Also, McCrain said the city doesn’t have to put up any money from its coffers for the grant. The federal and state governments have several grant programs to help out fire departments, especially those in small, rural communities, and from a number of agencies. It’s common for small departments to apply for such grant monies.

“The most well-known grant programs are the Department of Homeland Security/Federal Emergency Management Agency (DHS/ FEMA) SAFER and Assistance to Firefighter Grant (AFG). The primary goal of the SAFER Grant is to enhance the safety of the public and firefighters with respect to fire-related hazards. This is done by providing direct financial assistance to eligible fire departments, nonaffiliated emergency medical services organizations, and state fire training academies. This funding is for critically needed resources to equip and train emergency personnel to recognized standards, enhance operations efficiencies, foster interoperability, and support community resilience.”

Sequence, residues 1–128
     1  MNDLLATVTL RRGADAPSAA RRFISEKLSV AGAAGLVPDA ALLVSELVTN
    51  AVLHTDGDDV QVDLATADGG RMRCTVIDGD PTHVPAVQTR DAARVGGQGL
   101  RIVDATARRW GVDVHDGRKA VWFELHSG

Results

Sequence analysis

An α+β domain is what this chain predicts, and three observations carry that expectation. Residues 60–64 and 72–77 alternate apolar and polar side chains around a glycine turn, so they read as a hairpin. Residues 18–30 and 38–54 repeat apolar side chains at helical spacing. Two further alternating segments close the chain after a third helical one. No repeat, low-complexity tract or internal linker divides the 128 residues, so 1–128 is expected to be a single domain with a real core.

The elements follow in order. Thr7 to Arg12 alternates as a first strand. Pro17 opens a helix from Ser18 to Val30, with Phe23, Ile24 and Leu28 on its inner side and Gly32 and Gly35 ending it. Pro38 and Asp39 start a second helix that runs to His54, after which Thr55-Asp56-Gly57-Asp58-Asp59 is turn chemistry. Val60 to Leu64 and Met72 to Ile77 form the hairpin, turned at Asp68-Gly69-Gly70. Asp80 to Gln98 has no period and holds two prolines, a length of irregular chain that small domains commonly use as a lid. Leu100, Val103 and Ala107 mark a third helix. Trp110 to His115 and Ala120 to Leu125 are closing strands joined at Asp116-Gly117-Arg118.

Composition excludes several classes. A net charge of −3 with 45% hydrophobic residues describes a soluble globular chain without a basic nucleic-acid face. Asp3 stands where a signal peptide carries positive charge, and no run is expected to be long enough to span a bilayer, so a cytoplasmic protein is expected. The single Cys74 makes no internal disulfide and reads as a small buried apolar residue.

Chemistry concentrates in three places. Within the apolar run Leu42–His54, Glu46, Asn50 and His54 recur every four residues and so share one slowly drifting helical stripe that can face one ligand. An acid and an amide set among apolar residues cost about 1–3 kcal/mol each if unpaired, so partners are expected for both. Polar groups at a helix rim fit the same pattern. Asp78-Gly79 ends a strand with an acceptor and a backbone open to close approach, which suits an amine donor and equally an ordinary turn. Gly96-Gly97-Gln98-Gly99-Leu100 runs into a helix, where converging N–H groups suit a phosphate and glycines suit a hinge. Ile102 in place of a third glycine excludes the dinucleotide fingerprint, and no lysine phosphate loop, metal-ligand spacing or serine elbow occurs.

Morro Bay’s difficulty funding its fire department to appropriate levels isn’t unique.

“This year’s SAFER Grant has set the highest priority to assist departments experiencing staffing levels significantly below the ideal staffing level required to comply with National Fire Protection Association (NFPA) standards 1710 or 1720,” McCrain said. “For this grant

cycle, FEMA has allocated $360 million for this program and anticipates awarding approximately 300 awards.”